Is there still time to save the planet, and ourselves?
The time is now — this
is it, people; we can
change the world.
OC TOBER IS ONE of my favorite months in Marin. The weather is till warm, there is a hint of the holidays in the air and the 49ers
have a chance to be great again.
Harvest is also on my mind, thanks to wine
country events, forays to farmers markets
and, recently, my experience at Futurewell, a
daylong symposium in Tomales where well-known speakers from around the country
discussed future well-being. After just a
couple hours at the aptly named event, I felt
encouraged, actually more like frothed up
to the point of evangelism. The time is now
— this is it, people; we can change the world.
Bear with me as I sort through what I learned.
The answer to wellness is simple: it’s the
soil, stupid. The new (to me) buzzword is
regenerative agriculture. What is it? Growing
food and textile crops with a nod to pre–World
War II harvesting techniques (as in sans
chemicals and monocrops). The summit conveniently took place at Stemple Creek Ranch,
a fourth-generation operation that’s now
a thriving example of the benefits of these
methods. Those organic and biodynamic practices also figured prominently in The Biggest
Little Farm, the award-winning documentary
about director John Chester and his wife’s
rocky eight-year effort to grow food from the
land the old-fashioned way.
In one of the day’s first discussions,
Finian Makepeace (I googled; that’s his real
name) physically demonstrated connections
between agriculture, conservation, soil health
and gut health — using actual soil. Makepeace
has a website, kisstheground.com, that presents findings from in-depth research on the
pluses of regenerative agriculture, offers a free
downloadable curriculum for educators and
provides information on businesses to support
that are following these guidelines.
After his talk came a panel discussion
that included Dr. Zack Bush, who special-
izes in internal medicine, endocrinology
and metabolism, and hospice palliative care.
When he was introduced I thought, “Oh
geez, here comes the sales pitch for his line of
supplements.” Au contraire: he continued the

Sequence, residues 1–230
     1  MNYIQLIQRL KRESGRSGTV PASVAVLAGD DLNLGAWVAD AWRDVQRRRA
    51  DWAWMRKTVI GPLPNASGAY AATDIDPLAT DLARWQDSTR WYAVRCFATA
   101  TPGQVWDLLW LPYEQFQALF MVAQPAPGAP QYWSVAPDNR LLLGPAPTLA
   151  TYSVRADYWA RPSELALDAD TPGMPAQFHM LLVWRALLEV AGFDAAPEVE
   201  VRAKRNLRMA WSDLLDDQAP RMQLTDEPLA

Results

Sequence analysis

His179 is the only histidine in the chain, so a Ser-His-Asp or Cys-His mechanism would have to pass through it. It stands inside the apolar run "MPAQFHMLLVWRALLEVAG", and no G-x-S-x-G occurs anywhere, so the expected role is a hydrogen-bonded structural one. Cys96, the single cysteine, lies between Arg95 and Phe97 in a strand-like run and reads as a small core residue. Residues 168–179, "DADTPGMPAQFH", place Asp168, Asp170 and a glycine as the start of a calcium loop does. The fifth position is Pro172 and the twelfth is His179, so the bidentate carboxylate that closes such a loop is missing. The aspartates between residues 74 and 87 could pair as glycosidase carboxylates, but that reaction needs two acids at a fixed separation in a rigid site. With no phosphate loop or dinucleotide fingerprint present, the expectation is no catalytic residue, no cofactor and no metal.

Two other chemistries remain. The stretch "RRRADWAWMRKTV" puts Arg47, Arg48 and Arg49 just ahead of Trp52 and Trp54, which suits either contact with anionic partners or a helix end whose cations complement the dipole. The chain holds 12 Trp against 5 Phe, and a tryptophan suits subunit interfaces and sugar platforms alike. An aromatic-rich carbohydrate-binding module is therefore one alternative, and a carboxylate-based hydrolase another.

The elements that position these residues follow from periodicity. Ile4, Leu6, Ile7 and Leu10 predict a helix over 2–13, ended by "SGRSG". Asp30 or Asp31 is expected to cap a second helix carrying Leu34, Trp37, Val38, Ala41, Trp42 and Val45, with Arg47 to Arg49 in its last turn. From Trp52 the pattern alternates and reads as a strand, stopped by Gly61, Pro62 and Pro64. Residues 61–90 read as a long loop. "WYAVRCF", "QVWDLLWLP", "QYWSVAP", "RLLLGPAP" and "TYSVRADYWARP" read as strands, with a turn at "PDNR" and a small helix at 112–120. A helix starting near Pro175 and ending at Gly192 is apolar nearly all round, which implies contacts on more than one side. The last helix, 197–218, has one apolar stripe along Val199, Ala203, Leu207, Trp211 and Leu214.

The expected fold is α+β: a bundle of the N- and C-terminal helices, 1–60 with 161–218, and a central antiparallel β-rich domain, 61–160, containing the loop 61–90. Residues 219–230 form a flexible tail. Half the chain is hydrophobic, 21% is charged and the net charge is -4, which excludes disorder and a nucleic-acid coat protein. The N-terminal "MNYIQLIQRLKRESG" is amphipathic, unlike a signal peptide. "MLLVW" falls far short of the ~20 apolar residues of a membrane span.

conversation about soil health as it relates to
our bodies. He explained the effect of glypho-sate (the controversial ingredient in pesticides
like Roundup) on the microbes in our guts and
told of studies indicating its links to cancer,
gluten sensitivity and neurological disorders. He didn’t talk doom and gloom or try to
sell a quick fix-pill; instead, he talked about
how powerful our bodies are in promoting
regeneration when given the chance. He also
explained how while we think of genetics as
being passed down from our parents, the good
news is we can actually influence our genetics
through the food choices we make.
Like many people, I often feel helpless
when I think about the future of the planet.
My daughters talk about raising kids together,
about where they will live and encourage me
to not move to so I can be that crazy grandma
who lives on a houseboat. I force myself to
think positive thoughts about how the climate
will calm down, insidious diseases like cancer
will have swift and effective cures and basically, I like to think that my daughters can
realize their futures without having to face
these overwhelming environmental threats.
Living in a county like Marin, where there are
so many deeply passionate people who create
businesses aligned with the best sustainable
practices, is inspirational. Urban Remedy,
Navitas Organics, EO Products and Equator
Coffee, to name just a few, are all local companies that make it easier for us to try to live the
best lives we can.
Thank you for reading and riding along
with my new wave of hope. Believe me, I have
lots of room for improvement in my own consumer habits, but I’ve been heartened by the
prospect of regeneration of our soils, bodies
and habits. Cheers to harvest!
Mimi Towle, Editor